No, not our wedding anniversary, although we did have one relatively recently. I mean this little lady’s anniversary:
My good girl Sheryl has been hanging out for a year now. She lives in the cold and the dark and puts up with gross neglect for weeks on end. Yet for all that, she still makes some lovely loaves! My kitchen is cold and so they never end up as lofty as other peoples’ seem to, but they’re chewy and tangy nonetheless. Way to go, Sheryl.
Just look at that blistered crust. I have to say, I think that sourdough starters are a lot more flexible and resilient than a lot of people seem to think. The internet is awash with all sorts of finicky methods (usually named after somebody) that involve very precise times and temperatures and adjusting the amount of water in relation to the humidity of the air, as well as (I assume) performing certain obscure incantations and using flour that was ground in the light of the full moon.
I do pay attention to my measurements — a kitchen scale is a handy tool for this sort of thing — but other than that? I figure that people have been making sourdough for thousands of years. This is something you would carry around in a crock while you followed your goat herd and then baked over hot rocks. It’s a yeast colony. It will survive.
In other culinary news, I’ve been (somewhat inexplicably) really getting into gelatine lately. Why? It’s hard to say. I’ve always loved jell-o (especially with a little dab of fake whipped cream on top, like we always had at summer camp). And when I made panna cotta in the kids’ breakfast milk cups for April Fools, I realised how easy it actually is and a whole world opened up.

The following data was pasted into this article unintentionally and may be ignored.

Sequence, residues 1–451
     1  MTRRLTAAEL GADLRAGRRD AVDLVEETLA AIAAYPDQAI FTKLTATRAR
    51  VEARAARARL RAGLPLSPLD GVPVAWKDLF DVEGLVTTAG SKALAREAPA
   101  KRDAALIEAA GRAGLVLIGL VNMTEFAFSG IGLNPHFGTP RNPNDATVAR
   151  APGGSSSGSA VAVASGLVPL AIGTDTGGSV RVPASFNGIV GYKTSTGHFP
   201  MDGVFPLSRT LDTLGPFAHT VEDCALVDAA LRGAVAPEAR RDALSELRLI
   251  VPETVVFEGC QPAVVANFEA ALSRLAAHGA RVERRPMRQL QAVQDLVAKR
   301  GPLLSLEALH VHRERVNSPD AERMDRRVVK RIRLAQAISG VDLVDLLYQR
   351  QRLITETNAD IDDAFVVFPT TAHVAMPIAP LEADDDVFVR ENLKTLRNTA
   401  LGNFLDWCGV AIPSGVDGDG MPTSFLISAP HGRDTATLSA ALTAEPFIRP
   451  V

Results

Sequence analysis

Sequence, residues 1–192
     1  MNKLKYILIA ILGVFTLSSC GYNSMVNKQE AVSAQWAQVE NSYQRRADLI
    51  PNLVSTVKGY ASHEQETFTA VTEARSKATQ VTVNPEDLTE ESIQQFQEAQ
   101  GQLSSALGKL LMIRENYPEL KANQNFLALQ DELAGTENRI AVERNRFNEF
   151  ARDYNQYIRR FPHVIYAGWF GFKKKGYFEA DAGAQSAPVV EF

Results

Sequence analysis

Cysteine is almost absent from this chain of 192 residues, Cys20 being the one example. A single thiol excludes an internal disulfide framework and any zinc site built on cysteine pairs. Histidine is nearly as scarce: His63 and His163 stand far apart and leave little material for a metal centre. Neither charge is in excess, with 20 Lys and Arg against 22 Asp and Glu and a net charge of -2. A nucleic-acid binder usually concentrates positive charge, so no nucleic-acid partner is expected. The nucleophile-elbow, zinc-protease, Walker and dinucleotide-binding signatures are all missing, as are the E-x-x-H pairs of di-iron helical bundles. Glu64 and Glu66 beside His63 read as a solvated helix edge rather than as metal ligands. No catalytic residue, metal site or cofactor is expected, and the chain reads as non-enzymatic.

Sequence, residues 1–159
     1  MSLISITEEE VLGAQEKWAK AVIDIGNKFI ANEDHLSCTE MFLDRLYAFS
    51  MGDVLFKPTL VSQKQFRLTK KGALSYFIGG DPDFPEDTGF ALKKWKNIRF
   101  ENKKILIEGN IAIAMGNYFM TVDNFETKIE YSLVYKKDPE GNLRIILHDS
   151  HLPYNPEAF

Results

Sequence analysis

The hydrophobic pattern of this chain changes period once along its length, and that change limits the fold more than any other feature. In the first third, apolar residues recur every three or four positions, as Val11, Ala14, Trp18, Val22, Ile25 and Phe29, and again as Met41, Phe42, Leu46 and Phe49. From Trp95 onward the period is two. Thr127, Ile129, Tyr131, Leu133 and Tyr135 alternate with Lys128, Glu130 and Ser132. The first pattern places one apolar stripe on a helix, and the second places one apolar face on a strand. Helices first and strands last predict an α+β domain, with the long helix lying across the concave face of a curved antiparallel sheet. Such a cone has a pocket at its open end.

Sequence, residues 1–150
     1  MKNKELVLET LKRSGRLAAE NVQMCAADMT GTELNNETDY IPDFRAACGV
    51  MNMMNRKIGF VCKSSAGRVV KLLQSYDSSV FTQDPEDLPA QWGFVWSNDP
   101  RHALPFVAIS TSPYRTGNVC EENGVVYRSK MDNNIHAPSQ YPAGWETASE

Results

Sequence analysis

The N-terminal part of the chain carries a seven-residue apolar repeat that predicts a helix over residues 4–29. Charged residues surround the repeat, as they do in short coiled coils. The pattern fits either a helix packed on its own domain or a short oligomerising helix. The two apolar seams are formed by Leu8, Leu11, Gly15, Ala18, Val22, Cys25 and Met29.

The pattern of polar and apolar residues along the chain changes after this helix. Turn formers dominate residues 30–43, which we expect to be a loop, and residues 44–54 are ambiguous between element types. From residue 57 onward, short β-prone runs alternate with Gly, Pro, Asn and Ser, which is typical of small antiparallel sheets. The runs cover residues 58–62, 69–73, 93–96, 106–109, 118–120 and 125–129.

Anyway, here’s a jelly cake:
The top layer is orange jell-o with shredded carrot inside (something I remember having at potlucks long, long ago) and the bottom layer is a milk gelatin made with sweetened condensed milk. I don’t actually have any proper molds so this was made in a lightly greased bread pan, which worked well except for being slightly too long for the plate once decanted.
As you can see from that “bloom” of milk jelly in the middle, the orange layer wasn’t quite set enough when I poured in the second, and there was a little intermingling. No matter; I count this very successful as a first attempt and look forward to more experimentation. Nobody here likes jellies as much as I do, so I’ll probably be eating most of those experiments alone.
I am 100% ok with this.
3 thoughts on “Anniversary bake and jelly cake”
Oh my word. This takes me back to all the different “aspic” recipes shared by some cousins at a family reunion. We were daring each other to bring the chicken aspic with ham and green beans in it to the next gathering so we could take bets on what grandma would say about it. Sadly we never followed through. I actually picked up some proper jello moles at the thrift store in Iqaluit, to indulge in this fascinating novelty, but alas, they returned there unused when we left. I will be watching your experiments with fascination.
Oh, dude, I can’t wait to try aspics. But I will need to get some proper molds for that, I think. When the second-hand stores open up again I’m going to go hunting…
The ones I saw looked like they were layered in one of those deep oval shaped casserole dishes. I don’t have those anymore either though; my kids despise casseroles, sadly.
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